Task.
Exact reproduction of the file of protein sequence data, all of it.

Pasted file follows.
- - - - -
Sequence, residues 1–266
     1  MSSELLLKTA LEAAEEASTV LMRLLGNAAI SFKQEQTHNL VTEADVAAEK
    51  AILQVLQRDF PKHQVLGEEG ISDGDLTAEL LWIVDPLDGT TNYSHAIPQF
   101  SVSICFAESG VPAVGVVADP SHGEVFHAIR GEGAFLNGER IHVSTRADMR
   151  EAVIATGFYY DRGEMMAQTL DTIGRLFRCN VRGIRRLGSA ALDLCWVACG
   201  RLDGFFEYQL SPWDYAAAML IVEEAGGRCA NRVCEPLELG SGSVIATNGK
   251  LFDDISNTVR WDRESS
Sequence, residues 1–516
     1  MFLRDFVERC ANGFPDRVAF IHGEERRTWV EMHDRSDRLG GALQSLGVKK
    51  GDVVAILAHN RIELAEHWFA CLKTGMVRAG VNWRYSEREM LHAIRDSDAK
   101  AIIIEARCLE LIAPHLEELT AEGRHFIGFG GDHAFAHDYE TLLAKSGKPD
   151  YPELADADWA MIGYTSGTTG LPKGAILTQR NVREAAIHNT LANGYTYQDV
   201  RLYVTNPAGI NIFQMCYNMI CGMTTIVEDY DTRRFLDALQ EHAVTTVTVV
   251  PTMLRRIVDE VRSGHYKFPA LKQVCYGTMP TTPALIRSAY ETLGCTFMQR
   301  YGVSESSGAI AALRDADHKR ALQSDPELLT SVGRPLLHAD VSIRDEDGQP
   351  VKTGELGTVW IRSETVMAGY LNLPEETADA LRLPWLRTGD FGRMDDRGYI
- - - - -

Sequence, residues 1–266
     1  MSSELLLKTA LEAAEEASTV LMRLLGNAAI SFKQEQTHNL VTEADVAAEK
    51  AILQVLQRDF PKHQVLGEEG ISDGDLTAEL LWIVDPLDGT TNYSHAIPQF
   101  SVSICFAESG VPAVGVVADP SHGEVFHAIR GEGAFLNGER IHVSTRADMR
   151  EAVIATGFYY DRGEMMAQTL DTIGRLFRCN VRGIRRLGSA ALDLCWVACG
   201  RLDGFFEYQL SPWDYAAAML IVEEAGGRCA NRVCEPLELG SGSVIATNGK
   251  LFDDISNTVR WDRESS
Sequence, residues 1–516
     1  MFLRDFVERC ANGFPDRVAF IHGEERRTWV EMHDRSDRLG GALQSLGVKK
    51  GDVVAILAHN RIELAEHWFA CLKTGMVRAG VNWRYSEREM LHAIRDSDAK
   101  AIIIEARCLE LIAPHLEELT AEGRHFIGFG GDHAFAHDYE TLLAKSGKPD
   151  YPELADADWA MIGYTSGTTG LPKGAILTQR NVREAAIHNT LANGYTYQDV
   201  RLYVTNPAGI NIFQMCYNMI CGMTTIVEDY DTRRFLDALQ EHAVTTVTVV
   251  PTMLRRIVDE VRSGHYKFPA LKQVCYGTMP TTPALIRSAY ETLGCTFMQR
   301  YGVSESSGAI AALRDADHKR ALQSDPELLT SVGRPLLHAD VSIRDEDGQP
   351  VKTGELGTVW IRSETVMAGY LNLPEETADA LRLPWLRTGD FGRMDDRGYI